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Maryland: Legislative Updates Affecting the Residential Foreclosure Process

Posted By Rachel Ramirez, Tuesday, May 23, 2017
Updated: Wednesday, July 26, 2017

May 23, 2017 and August 1, 2017

by Angie Nasuta
The Alba Law Group, P.A. – USFN Member (Maryland)

The Maryland legislature has once again been active in regulating the local residential foreclosure process.

New Foreclosure Registration — The first bills of particular interest are House Bill 1048 and cross-filed Senate Bill 875, which have been approved by the governor but are not effective until October 1, 2018. This legislation requires that within seven days of filing an action to foreclose residential property, the substituted trustees must provide a notice of foreclosure to the Maryland Department of Labor, Licensing and Regulation (DLLR). The notice of foreclosure must contain certain specified information about the property and about the substituted trustees; it must be in the form that the department requires — which has not yet been established. This author’s firm will be closely monitoring DLLR’s activity for its regulations on this new notice/registration, which will hopefully be adopted well in advance of the delayed effective date.

New Foreclosure Notices — Legislation has been enacted to require additional notices in the foreclosure process beginning October 1, 2017. HB26/SB247, which have been approved by the governor, add to Maryland Real Property § 7-105.2(b) that notice of a proposed foreclosure sale under this article must also be sent to a condominium or homeowners association that has recorded a statement of lien against the property at least 30 days before the sale date. Procedurally, though, this change doesn’t really impose anything new upon foreclosure counsel, as Real Property § 7-105.3 (which has been law in one form or another since 1957) already requires notice of foreclosure sale to all holders of subordinate interests of record.

The key addition made by HB26/SB247, however, is the new requirement concerning postponed or canceled foreclosure sales. Within 14 days of sale postponement/cancellation, the substituted trustees must now send notice of the postponement/cancellation to the record owner of the property and any condominium/homeowners association that was sent notice of the proposed sale.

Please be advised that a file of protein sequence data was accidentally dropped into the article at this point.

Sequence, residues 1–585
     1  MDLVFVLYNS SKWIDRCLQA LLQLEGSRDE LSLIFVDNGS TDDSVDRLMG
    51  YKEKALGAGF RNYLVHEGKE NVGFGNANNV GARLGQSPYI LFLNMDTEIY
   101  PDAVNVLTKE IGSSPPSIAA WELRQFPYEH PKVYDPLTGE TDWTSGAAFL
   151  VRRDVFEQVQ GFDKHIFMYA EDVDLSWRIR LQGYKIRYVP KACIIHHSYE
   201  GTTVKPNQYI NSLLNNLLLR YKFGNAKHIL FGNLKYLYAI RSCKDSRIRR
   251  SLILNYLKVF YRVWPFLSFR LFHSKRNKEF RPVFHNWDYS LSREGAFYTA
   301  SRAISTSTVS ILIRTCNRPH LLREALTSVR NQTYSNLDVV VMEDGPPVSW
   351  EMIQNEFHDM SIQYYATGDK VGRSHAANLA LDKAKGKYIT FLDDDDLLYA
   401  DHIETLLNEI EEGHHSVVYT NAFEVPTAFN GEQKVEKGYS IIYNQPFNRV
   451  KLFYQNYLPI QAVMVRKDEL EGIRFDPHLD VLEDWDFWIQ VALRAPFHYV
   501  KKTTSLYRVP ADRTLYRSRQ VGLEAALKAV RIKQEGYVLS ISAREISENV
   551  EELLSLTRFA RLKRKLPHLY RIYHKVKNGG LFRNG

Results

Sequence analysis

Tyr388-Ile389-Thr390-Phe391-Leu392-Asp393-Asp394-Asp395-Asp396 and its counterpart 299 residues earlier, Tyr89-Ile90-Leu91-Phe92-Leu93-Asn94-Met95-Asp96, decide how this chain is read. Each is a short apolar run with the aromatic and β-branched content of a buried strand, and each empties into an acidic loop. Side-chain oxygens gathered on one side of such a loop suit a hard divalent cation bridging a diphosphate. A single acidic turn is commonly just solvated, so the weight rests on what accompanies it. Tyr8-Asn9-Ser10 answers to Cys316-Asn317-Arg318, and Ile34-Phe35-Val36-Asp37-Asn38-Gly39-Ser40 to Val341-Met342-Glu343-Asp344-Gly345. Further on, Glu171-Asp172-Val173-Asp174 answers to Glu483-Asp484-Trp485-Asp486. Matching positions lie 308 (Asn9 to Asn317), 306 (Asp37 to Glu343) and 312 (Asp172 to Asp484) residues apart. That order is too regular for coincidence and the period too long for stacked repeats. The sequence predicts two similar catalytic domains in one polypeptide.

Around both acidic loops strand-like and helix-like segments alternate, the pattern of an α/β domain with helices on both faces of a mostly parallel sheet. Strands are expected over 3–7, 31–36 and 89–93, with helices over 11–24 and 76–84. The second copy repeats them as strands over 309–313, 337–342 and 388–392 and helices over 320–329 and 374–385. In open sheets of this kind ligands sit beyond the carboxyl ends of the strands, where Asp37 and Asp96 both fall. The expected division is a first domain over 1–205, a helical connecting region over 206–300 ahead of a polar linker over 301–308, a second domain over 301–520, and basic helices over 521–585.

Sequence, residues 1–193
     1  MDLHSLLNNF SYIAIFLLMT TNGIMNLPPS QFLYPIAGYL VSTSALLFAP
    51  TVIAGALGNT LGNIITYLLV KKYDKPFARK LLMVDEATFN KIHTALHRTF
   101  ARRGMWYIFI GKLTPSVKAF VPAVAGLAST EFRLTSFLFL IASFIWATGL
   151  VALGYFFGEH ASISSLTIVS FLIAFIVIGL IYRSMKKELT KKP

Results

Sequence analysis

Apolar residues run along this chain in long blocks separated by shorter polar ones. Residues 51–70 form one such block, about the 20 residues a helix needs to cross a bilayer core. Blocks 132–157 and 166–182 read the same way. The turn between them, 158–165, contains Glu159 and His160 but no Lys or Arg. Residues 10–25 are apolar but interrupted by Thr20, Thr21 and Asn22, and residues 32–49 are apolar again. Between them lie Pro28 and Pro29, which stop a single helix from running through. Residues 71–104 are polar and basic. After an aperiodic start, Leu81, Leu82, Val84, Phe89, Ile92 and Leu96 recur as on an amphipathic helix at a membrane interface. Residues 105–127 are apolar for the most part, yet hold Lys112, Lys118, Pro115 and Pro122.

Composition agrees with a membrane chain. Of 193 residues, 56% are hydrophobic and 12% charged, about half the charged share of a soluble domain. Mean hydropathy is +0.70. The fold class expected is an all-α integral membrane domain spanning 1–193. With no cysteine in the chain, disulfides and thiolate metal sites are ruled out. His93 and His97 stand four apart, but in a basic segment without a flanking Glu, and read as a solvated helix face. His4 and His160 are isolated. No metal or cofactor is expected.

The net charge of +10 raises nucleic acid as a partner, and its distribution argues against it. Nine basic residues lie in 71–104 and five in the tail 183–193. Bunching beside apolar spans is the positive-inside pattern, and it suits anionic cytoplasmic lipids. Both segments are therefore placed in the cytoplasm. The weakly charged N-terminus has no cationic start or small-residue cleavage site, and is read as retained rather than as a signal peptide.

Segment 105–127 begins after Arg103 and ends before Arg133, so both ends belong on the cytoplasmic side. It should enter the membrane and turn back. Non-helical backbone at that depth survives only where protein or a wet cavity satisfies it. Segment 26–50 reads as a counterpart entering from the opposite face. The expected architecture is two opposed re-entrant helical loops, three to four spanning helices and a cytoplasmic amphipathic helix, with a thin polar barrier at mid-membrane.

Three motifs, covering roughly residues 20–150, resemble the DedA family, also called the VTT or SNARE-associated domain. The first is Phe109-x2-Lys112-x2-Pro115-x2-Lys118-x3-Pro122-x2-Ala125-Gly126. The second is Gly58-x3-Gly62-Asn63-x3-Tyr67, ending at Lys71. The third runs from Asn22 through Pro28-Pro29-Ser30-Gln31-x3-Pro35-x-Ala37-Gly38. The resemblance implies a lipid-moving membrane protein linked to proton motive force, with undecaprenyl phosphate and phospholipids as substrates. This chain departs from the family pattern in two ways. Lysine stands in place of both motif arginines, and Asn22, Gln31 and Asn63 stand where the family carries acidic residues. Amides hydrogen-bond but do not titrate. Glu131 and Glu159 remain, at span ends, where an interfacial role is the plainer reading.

Vacant and Abandoned Properties — As with many states across the country, another Maryland focus in recent years has been to address concerns about vacant and blighted properties through so-called “fast-track” foreclosure options. The underlying mechanics and potential for challenges with these options, however, have limited the interest of mortgage servicers in pursuing what has been made available so far.

Signed by the governor on May 25, 2017, House Bill 702 and cross-filed Senate Bill 1033 provide a new expedited foreclosure process for vacant and abandoned properties — under certain circumstances. HB702/SB1033 (effective October 1, 2017) authorizes a secured party to petition the court to immediately commence foreclosure of its lien instrument if the property meets all of the following criteria:

• the loan has been in default for 120 days or more;
• no mortgagor has filed a challenge to the foreclosure “setting forth a defense or objection that, if proven, would preclude the entry of a final judgment and a decree of foreclosure”;
• no mortgagor has filed a statement with the court that the property is not vacant or abandoned; and
at least three out of a list of eleven specific circumstances regarding the property exist; e.g., status of utilities, condition of windows and doors, vandalism and criminal conduct, junk and hazardous materials, citations, condemnation, vacancy, written statement of intent to abandon, and a catch-all for other “reasonable indicia of abandonment.”

HB702/SB1033 will certainly be Maryland’s strongest attempt thus far at denting the local vacant and blighted properties issue. Unfortunately, the degree of limitations written into even this most recent piece of legislation suggests that there will continue to be limited interest from servicers in actually pursuing this newest option.

On a local note: In April, the County Council for Montgomery County approved Bill No. 38-16 (effective July 24, 2017) concerning “Housing and Building Maintenance Standards – Foreclosed Property Registration Penalty.”


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